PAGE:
There are different ways you can learn a new language while traveling abroad after college. Some suggestions are: attend a short course in your destination country, enroll in an online language course, stay with a local host, chat to locals, read the papers, watch original version films with subtitles and download the dictionary app that best works for you. Even if you don’t become fluent in a new language, you will learn the basics, and that effort and knowledge are valued by hiring managers. Include your language skills on your resume to show you are a curious person, always trying to learn more and go the extra mile.


    TIP: Make sure to supplement your online job search with networking. Once you get guidance from your network, target your online search to the right job titles and companies. After you apply, follow up with someone who works there. College Recruiter lists thousands of entry-level job opportunities. Would it make sense to start searching?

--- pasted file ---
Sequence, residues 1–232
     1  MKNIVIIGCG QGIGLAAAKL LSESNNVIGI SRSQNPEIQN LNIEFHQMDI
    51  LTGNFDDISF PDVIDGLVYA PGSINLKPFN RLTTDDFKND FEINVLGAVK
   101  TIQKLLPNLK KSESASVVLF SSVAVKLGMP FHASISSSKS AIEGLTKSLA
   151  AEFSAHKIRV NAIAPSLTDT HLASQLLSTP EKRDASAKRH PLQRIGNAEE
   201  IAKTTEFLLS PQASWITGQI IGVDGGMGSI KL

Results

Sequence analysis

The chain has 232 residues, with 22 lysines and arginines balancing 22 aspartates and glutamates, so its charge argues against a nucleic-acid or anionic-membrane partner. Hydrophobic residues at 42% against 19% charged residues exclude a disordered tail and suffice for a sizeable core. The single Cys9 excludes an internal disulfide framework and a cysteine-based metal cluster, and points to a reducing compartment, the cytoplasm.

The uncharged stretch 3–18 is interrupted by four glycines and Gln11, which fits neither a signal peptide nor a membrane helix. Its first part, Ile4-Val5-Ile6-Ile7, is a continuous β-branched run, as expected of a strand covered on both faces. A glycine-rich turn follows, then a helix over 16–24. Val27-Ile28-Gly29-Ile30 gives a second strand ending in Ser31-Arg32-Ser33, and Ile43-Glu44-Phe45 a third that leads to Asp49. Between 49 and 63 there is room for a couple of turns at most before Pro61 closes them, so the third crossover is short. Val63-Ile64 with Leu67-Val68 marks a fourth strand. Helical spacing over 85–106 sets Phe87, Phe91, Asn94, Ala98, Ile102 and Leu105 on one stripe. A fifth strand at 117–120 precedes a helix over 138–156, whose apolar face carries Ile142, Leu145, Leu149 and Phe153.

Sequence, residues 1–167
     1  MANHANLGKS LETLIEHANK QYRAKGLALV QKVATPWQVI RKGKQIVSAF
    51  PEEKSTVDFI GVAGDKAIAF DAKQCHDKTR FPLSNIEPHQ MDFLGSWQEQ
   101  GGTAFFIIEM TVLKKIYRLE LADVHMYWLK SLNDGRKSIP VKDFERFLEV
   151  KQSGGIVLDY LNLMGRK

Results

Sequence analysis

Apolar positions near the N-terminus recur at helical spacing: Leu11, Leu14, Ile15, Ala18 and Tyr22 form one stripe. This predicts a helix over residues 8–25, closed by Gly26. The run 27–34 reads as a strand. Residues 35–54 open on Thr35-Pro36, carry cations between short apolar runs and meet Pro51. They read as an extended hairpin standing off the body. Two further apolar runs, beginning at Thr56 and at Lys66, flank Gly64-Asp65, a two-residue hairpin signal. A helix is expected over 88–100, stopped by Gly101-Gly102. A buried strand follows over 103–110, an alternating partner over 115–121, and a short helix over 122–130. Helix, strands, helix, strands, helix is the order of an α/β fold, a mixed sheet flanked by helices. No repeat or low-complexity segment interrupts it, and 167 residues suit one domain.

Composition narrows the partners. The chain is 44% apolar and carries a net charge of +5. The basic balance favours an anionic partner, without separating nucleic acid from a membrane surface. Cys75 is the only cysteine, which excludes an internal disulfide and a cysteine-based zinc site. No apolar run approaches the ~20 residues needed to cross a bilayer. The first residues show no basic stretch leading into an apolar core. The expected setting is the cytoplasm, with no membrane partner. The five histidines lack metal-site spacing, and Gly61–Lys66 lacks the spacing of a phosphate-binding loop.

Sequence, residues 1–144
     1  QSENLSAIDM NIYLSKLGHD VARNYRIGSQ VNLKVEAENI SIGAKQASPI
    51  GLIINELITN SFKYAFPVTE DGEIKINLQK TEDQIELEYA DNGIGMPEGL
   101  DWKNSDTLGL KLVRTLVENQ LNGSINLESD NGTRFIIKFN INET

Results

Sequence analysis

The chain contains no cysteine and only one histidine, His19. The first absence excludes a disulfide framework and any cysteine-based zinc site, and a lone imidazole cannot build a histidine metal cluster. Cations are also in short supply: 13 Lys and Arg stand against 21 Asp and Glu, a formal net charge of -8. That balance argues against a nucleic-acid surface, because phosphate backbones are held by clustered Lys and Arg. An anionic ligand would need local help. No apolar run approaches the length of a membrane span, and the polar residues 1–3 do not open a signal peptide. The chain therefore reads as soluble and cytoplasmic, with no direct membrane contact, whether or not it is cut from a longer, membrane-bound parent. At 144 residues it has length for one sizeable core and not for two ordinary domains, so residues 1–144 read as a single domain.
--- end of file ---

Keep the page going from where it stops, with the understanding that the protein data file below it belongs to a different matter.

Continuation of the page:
4. Build organizational skills

    Traveling, just like business, requires a lot of organization. You will gain a set of skills that you will find highly useful later on in your career, including:

    • Managing budgets like a pro. If you run out of money too soon, your adventure is over!
    • Becoming more adaptable and flexible. If your original plans change, you need to be prepared for what is next.
    • Getting better and faster at problem-solving. If you get lost, for example, you may need to be able to read a complex map or get instructions and follow them correctly.
    • Being responsible for your own decisions. When you are on the road, you are constantly making decisions that will affect your travels. If for instance, you decide to take a bus instead of a train and it takes longer than expected, you will have less time to spend at your destination.

    Overall, you will return from your adventure being a more mature and experienced person.